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Mark Ripley advises on how to choose the best shot size for your quarry, whether that's game, pigeons, rabbits, wildfowl, or even fox!
Choosing the right cartridge for your chosen quarry is very much a subject of personal choice, and we all have our own chosen cartridges, usually based on previous successes.
When it comes to brands, there’s often not a lot of difference between them, apart from perhaps the box and the price! That said, a brand you trust to serve you well inspires confidence, and this is often the key to its success!
In reality, the most important factor is going to be the combination of shot size and charge weight. A heavier charge will add more pellets to the pattern and increase the potential effectiveness of the chosen cartridge, but will come at the price of additional felt recoil. If using a semi-auto, this may be an advantage in the form of more reliable cycling, However, in a light side-by-side game gun, this could make shooting uncomfortable for some and therefore have a detrimental effect on one’s shooting.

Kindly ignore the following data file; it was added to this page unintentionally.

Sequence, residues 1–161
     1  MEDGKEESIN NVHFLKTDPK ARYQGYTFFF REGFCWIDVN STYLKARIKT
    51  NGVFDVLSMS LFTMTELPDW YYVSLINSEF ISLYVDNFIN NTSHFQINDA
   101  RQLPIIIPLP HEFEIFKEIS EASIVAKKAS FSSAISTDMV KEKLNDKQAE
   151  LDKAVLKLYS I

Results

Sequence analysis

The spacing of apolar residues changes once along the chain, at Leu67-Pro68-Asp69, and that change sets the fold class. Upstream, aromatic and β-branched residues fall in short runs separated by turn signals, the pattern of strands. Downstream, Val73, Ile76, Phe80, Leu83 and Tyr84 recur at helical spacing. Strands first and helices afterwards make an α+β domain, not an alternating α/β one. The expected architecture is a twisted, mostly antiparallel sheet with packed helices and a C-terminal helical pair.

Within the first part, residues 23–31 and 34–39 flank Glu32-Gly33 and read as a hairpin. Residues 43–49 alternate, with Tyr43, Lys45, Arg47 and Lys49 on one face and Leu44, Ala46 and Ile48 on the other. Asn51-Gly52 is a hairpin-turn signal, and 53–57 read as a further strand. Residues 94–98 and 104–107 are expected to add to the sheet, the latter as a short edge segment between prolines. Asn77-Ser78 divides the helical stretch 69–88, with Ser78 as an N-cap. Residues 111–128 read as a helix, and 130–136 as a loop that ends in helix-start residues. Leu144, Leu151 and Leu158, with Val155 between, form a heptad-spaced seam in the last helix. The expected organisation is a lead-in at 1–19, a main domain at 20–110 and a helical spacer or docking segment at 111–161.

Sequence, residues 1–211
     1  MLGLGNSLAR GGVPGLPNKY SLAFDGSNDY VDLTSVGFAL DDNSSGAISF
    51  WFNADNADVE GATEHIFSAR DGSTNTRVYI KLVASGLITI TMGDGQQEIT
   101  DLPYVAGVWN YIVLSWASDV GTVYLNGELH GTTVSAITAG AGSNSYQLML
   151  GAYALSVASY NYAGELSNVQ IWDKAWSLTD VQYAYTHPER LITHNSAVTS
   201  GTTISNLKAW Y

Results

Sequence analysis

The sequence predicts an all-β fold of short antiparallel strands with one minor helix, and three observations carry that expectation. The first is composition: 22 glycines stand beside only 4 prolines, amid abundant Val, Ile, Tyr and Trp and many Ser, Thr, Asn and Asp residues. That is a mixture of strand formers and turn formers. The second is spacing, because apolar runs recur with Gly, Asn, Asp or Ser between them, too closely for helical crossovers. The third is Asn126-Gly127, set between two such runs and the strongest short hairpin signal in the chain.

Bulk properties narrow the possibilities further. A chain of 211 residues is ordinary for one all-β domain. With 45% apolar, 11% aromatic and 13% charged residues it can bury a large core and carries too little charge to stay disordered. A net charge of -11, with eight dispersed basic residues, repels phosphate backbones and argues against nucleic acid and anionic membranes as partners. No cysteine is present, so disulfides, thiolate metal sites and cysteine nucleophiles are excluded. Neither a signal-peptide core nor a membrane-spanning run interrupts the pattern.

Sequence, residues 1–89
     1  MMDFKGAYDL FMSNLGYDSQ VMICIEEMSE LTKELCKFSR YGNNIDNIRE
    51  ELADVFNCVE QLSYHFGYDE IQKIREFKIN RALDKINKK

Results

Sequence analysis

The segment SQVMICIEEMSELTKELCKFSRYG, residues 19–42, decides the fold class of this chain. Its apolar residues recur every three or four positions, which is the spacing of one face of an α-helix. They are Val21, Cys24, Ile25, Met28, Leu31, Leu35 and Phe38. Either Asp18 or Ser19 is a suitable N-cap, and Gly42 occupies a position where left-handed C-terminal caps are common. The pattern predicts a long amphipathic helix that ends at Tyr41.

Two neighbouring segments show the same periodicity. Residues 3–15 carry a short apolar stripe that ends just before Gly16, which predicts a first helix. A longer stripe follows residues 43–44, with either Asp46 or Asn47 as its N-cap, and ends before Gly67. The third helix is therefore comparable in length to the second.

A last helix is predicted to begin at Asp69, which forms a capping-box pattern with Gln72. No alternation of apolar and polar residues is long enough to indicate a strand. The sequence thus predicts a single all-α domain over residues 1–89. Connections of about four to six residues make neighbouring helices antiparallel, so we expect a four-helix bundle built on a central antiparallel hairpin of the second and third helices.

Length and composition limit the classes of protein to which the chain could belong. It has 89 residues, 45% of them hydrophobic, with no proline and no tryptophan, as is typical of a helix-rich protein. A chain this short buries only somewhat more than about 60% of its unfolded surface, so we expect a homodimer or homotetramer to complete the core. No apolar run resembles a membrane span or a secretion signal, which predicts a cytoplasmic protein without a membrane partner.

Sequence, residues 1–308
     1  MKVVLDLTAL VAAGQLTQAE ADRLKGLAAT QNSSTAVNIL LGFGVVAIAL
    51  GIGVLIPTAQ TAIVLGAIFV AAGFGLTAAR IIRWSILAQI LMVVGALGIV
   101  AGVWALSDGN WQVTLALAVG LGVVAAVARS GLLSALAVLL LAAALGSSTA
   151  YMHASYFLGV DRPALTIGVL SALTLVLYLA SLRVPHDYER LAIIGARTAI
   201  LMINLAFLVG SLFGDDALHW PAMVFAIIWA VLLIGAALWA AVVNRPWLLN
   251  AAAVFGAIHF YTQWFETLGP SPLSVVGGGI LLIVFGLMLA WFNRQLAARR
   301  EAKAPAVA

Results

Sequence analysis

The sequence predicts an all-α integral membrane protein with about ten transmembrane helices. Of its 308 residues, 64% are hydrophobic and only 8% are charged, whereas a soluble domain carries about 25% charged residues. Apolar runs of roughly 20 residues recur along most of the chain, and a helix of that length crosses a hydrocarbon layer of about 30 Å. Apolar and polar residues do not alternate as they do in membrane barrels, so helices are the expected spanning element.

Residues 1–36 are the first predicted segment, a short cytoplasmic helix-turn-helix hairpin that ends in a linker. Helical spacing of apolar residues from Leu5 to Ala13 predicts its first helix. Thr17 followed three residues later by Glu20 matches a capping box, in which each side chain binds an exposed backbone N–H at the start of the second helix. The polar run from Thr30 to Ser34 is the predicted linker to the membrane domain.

No. 6By and large, many of us will favour No.6 shot size with a charge weight of around 30g or 32g as a good all-rounder. This is a popular load for pigeons, pheasants, rabbits and general game and for a good reason – it’s a very effective combination of a good size shot and a good spread.
No.5Sometimes though, on slightly tougher game such as crows or high pheasants, going for a slightly larger shot size, such as No.5, gives us a little extra punch.
Crows in particular can be tough little numbers, and I know I’ve shot plenty in the past that have taken both barrels of No.6s and hardly flinched before seeing them stagger in flight and dropping in the distance.
For larger game such as duck, I would also favour No.5s and for geese I would step up to anything from No.3s to BBs. I would go for a heavier charge weight too, especially if they were likely to be particularly high.
BBsWhen it comes to foxing with a shotgun, I will always go with around 50g of BBs and through a tight choke to ensure clean kills. Foxes are extremely tough creatures and I will generally use a semi-auto. Even if I bowl one over with the first shot, I will fire a quick second shot if I see there is still any slight movement.
No.7 or No.8As a rule, there’s not much call for a shot size smaller than No.6 for game, with perhaps the exception of snipe. These are small fast-moving birds that don’t need a large pellet to ensure a clean kill. It’s better to use a size No.7 or No.8 with these birds to give a better pattern and higher probability of connecting with these quick and evasive little birds.
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